Heavy guitar/Room/Spacial Questions
Posted on Jan 12, 2006 04:41 pm
Member Since: Nov 15, 2005
I'm tracking some heavy guitars for a band tonight and the area I have the cab in is about 6' x 5'. The ceiling is angled, starting at around 9' and working up to about 15' in this particular area. This space has two walls adjoined and the other two sides are open. The flooring is carpet and the walls are sheetrock I suppose (normal walls). The cab is a marshall 412.
Should I place the cab against a wall facing an open side? Or On an open side facing a wall? Or Angled where the two walls meet? Or facing where the two walls meet? Or laying down facing the angled ceiling?
If the cab should be backed up to a wall, should it be against the wall? Some distance away from the wall? If laying on the floor facing up should it be directly on the ground, or laying on a chair to distance it from the ground?
Should I make walls for the other sides with sheets? Leave them open?
Let me know if anyone has any advice. Thanks so much for reading
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HuePinnipedal Czar (: 3= Member
Jan 12, 2006 05:45 pm This may help...
Since: Apr 11, 2004
... pretty extensive, and well written ... also it works quite well .
I'd think recording guitars in this manner is more a case of what you're recording with, and where you place the mic(s) than cab placement, since the mics are relatively close, and the cab is relatively loud . Sooo... I'd get as 'accurate representation of the amp sound' as possible,( = the one you like that's in phase) then apply the room with a convolution reverb after the fact . Keep in mind you still should let the amp do it's thing, ie... if it's an open back cabinet, don't put it against the wall, etc...
Just my take on things, maybe it will help .
Jan 12, 2006 07:11 pm Thanks for the reply. I feel like i've got the tools to make the amp sound good, but I just don't want to run into phase problems or bad reflections or anything because of placement. I have a couple 57's, NT1000s, Audix D6, AKG C430s, Studio projects C3, and some various handheld cardioids through a firepod. Should I drape some towels and make it an enclosed space? Would that make the sound bigger? Thanks for reading, take care all.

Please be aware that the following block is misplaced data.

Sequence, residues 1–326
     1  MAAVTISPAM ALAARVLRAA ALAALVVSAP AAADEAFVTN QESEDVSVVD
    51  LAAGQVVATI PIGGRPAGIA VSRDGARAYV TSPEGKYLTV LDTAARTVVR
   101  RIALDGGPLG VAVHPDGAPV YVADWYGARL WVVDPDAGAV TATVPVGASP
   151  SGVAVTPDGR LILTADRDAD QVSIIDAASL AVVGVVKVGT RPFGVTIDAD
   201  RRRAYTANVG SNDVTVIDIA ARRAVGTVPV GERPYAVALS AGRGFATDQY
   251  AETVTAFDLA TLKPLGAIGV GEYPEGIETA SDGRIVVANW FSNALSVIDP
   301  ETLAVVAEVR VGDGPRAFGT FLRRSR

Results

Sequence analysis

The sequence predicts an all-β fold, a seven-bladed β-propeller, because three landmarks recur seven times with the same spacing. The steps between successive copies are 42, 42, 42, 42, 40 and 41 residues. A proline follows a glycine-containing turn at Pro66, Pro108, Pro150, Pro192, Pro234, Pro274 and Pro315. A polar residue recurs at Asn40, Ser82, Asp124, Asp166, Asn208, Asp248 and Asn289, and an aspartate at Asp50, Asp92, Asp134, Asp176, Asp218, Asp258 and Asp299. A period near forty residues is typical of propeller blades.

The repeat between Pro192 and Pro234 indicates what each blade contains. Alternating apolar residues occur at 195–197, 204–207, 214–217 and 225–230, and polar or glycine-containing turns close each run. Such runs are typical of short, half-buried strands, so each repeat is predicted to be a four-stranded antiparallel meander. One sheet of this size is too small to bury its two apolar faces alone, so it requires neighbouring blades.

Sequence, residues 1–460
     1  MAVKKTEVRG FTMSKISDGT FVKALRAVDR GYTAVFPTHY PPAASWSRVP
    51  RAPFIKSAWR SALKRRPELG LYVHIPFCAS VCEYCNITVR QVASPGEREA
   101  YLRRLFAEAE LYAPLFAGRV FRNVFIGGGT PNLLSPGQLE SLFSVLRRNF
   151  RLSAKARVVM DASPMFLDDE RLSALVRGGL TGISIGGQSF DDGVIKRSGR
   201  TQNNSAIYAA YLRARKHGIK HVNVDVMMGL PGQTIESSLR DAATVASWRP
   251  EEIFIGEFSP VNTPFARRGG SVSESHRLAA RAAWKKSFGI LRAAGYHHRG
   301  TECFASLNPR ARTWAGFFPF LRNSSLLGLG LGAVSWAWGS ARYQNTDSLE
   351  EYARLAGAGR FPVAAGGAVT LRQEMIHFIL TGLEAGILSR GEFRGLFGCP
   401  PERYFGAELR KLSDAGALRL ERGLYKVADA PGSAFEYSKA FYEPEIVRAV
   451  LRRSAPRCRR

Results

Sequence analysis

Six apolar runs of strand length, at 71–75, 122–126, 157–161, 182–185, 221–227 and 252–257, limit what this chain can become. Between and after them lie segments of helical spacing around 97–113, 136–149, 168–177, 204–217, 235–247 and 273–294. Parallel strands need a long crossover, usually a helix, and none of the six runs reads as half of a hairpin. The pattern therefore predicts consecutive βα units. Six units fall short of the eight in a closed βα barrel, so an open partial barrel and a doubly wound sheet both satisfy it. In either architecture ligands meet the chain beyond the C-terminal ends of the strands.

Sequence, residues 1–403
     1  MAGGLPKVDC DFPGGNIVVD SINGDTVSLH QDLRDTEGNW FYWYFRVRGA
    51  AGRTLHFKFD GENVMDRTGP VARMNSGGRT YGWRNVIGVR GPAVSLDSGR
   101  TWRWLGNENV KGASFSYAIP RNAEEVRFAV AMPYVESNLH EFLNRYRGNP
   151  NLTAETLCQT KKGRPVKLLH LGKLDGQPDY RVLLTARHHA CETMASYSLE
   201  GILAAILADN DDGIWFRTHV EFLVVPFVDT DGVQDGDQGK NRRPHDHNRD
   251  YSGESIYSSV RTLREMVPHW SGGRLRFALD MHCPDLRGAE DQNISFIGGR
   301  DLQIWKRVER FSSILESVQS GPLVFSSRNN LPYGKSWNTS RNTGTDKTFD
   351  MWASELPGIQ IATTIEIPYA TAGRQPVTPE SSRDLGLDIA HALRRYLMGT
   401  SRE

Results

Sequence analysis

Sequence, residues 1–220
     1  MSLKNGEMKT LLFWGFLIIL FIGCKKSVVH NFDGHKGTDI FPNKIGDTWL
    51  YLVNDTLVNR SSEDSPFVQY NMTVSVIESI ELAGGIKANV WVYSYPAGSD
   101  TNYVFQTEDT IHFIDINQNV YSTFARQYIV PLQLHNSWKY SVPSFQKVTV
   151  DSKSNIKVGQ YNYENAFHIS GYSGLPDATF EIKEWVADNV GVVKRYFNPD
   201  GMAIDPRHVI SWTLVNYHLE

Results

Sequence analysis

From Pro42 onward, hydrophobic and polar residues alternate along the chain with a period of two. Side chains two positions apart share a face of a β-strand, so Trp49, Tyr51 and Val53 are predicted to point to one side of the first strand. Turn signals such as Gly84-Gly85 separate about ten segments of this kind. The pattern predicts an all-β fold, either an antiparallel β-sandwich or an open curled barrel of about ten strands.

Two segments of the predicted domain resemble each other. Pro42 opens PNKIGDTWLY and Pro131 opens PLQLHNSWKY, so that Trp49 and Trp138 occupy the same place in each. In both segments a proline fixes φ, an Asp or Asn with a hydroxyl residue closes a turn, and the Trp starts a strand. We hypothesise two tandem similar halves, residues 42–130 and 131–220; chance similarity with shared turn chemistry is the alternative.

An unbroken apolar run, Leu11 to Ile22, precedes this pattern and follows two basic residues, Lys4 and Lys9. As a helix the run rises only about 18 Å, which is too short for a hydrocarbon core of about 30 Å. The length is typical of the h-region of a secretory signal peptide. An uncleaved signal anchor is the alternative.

Since: Nov 15, 2005
Noize2uCzar of MidiAdministrator
Jan 12, 2006 09:48 pm Only use towels if you need them to dampen an echo or reflections. They will just suck up the sound if they are to close.
Since: Apr 04, 2002
Jan 12, 2006 11:38 pm In my experience with recording heavy guitars, the room is not a huge concern (as long as it's a decent size). On the other hand, I have never had much luck with the technique described in jues' article. I much prefer to use two dynamic mics both on the speaker cone with one in the center and the other wherever it sounds best. You'll get a very full sound this way, without the phasing concerns. That's just my way of doing things, though.
Jan 14, 2006 08:28 pm One idea, for next time: since you've got a corner with sheet rock walls and a carpeted floor, face the cabinet into the corner, so the speakers fire at the corner, with the center of the cabinet about 5-6 ft from the center of the corner. You'll have to experiment, 'cause what you're doing is "bass reflexing" with the corner of the walls. And if may not work. The variables that come into play would be the volume level versus the "heaviness" of the sound versus the distance from the corner with the cab versus the mic placement/choices, etc. As for the mics, 2 matched ldc mics to either side, equi-distant, for stereo, panned to either side. It might just end up being too bottom-heavy to be used in a recording with the rest of the band.
Since: Feb 14, 2005
Jan 15, 2006 12:37 am I stick 2 sm57's up close (as almost everyone does) and then use a large diaphram condenser to capture the full sound. To lessen the muddy effect of a larger room, I just place a hanging blanket behind the condenser about 8 inches away. The 8 inches leaves some room for the mic to capture everything but the blanket just stops reflections from bouncing off walls behind the mic and coming back at it. It seems to be a better alternative to any kind of enclosure you would actually have to put effort into.
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